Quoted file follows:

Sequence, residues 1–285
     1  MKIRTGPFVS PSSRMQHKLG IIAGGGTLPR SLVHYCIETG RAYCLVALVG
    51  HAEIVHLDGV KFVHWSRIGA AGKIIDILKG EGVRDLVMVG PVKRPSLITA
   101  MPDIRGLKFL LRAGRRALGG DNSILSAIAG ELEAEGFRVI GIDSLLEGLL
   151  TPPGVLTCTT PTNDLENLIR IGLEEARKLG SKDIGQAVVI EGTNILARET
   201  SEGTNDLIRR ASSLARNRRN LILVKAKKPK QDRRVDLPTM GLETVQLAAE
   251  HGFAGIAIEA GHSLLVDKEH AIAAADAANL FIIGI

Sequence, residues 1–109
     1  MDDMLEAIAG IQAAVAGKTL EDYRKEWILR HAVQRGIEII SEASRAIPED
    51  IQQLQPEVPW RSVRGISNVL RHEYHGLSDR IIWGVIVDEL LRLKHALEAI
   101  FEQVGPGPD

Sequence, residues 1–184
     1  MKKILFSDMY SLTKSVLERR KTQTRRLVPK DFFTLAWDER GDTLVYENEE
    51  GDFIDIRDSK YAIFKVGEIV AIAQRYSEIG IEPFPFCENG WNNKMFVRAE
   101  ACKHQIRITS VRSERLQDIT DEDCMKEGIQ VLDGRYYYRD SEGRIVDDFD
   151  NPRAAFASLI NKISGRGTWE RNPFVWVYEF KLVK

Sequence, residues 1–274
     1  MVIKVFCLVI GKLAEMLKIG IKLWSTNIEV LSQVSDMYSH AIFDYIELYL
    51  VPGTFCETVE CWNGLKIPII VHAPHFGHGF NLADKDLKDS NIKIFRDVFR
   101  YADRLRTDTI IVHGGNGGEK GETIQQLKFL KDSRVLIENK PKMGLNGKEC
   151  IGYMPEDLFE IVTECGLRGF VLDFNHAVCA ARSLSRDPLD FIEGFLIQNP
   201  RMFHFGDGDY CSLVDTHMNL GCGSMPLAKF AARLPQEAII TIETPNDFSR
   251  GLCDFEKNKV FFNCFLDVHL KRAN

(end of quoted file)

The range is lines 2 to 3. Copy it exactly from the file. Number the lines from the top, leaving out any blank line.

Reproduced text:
     1  MKIRTGPFVS PSSRMQHKLG IIAGGGTLPR SLVHYCIETG RAYCLVALVG
    51  HAEIVHLDGV KFVHWSRIGA AGKIIDILKG EGVRDLVMVG PVKRPSLITA